December 2005:
Midori Ono

see her biography and discography, click here!

picture of Midori Ono Midori tells her story
how she came to the organ:

I had been learning the Yamaha electone by my parents' recommendations since I was a child. I loved playing it so I practiced a lot, however, just by playing written music, you don't know about jazz or a Hammond organ.
When I was 11, and wanted to buy a new organ, my father said that because the Hammond organ had a good sound, we bought one called the Commodore. I started going to a Hammond organ school, and started listening to jazz organ records, which is when I first heard of the B-3. The B-3 at that time, had no schools, or stores where the B-3 was sold, and because of my attraction to its sound quality, I always thought of playing it someday.
When I was a high school student, I won the championship in a Hammond organ contest in Japan. The extra prize was a trip to the western part of the US, where I was invited to the Namm Show in Los Angeles, which was my first time having the chance to play before an American audience. However, I, who had faithfully played arranged music found it quite a shock to see other players playing the organ freely and ad-libbing, which is why I really had an urge to study jazz. I entered the Department of Commercial Science in Kyoto at Doshisha University, and entered the light music group, and started a jazz band. I devoted my time to studying and practiced everyday, and I developed a strong happiness in ad-libbing.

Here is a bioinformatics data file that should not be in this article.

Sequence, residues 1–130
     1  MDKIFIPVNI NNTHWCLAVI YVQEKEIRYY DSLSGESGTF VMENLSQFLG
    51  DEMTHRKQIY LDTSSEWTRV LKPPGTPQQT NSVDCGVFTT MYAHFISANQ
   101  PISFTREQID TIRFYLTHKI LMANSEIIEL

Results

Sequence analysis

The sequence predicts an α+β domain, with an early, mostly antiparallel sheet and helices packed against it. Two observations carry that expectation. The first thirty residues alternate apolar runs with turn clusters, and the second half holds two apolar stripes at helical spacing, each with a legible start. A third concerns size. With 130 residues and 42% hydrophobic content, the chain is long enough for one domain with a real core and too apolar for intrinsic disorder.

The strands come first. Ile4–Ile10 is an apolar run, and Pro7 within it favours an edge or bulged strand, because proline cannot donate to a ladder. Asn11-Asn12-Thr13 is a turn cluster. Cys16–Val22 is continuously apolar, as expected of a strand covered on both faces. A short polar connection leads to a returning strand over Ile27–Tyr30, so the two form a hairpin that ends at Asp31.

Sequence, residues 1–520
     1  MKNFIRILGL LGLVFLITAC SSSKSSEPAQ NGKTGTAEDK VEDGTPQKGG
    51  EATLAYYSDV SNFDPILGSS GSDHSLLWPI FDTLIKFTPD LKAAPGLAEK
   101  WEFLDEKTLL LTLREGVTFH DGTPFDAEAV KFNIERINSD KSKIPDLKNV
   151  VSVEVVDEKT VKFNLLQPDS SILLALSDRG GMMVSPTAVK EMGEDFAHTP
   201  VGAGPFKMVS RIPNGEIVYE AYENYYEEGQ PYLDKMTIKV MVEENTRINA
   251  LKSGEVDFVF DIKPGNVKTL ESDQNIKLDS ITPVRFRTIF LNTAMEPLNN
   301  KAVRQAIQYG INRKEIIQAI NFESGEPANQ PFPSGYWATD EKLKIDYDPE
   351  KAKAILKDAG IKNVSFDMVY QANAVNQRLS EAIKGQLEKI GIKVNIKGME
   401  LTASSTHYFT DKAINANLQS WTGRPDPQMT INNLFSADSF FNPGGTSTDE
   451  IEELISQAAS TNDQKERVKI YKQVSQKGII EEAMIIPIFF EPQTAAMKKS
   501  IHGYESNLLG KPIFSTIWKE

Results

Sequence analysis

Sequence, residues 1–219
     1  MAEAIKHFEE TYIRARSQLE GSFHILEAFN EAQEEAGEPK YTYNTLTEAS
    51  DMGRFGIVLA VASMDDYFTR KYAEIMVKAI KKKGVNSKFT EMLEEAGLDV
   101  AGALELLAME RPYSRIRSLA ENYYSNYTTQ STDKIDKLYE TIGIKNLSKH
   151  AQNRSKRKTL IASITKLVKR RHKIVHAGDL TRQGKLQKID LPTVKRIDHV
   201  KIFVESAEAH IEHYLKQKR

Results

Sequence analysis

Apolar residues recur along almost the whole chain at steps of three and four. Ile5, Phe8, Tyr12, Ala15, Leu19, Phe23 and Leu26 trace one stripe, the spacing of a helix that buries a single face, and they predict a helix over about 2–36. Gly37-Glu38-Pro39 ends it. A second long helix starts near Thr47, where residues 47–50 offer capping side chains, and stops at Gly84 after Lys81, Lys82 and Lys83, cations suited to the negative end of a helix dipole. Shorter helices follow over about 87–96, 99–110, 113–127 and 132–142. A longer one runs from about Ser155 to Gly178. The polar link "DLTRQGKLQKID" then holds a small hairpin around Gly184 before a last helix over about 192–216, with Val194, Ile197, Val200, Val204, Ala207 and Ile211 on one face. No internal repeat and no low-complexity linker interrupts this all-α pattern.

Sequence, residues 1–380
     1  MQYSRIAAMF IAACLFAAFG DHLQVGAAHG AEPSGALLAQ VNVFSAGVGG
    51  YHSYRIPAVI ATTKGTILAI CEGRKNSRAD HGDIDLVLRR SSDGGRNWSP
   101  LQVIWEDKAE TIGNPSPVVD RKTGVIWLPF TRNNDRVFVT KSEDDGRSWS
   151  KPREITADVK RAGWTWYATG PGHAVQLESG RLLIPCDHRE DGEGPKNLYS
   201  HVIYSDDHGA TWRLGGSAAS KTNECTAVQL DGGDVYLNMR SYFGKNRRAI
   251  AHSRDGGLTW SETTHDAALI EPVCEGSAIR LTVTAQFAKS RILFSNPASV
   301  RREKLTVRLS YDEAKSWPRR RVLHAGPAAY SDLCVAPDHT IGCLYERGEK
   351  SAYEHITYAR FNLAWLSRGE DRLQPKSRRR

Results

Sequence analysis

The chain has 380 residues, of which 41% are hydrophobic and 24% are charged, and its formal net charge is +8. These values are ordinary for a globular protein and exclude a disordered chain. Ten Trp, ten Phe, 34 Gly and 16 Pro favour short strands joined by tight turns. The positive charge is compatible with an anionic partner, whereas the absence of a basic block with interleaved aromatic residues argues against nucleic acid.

When I was 20, I met an American who came to Japan that played the jazz organ. I saw for the first time before my own eyes the bass being played with the left hand, and it was really exciting. "This groove is really cool." I thought. I felt my musical instrument was a different musical instrument. For a while, I took lessons from him, and the style I used to play the organ had dramatically changed. However, since the B-3 was so expensive, I was unable to get my hands on one, and since I didn't know a jazz club that carried one, after graduating I acted as a pianist for most of the time. Before I knew it, I felt like being a pianist, and my time practicing the organ had decreased.
At that time, when I was 23, I saw Jimmy Smith's performance for the first time, which it what gave me the urge to return to the organ. I was overwhelmed by the power of such a dynamic organ, and that was my decision. I'm going to study the organ thoroughly. From that point, I dreamed of performing like Jimmy Smith, and began performing and carrying a combo organ, and I knew of a jazz club that where the B-3 could be found in Osaka, where I actively participated in jam sessions. At that time, I met Mr. Yamamoto, the president of YS Corporation, a specialty organ shop in Osaka, and he promoted me as an organist and provided me with various shows. When I was 27, my wish came true when I finally got a B-3, and this time, my dream of performing as jazz organist in the United States was able to be accomplished again. After giving birth two years ago, my performances decreased a bit. I was swiftly running through my 20's, living for myself, and I feel if you have time to give a working life for someone, including my child, and make the best of this experience, I think it would great if you could play rich music by one's forties.
Midori Ono

Midori has also produced an audio file speaking about his way to the Hammond organ. Click the PLAY button to listen to Midori !


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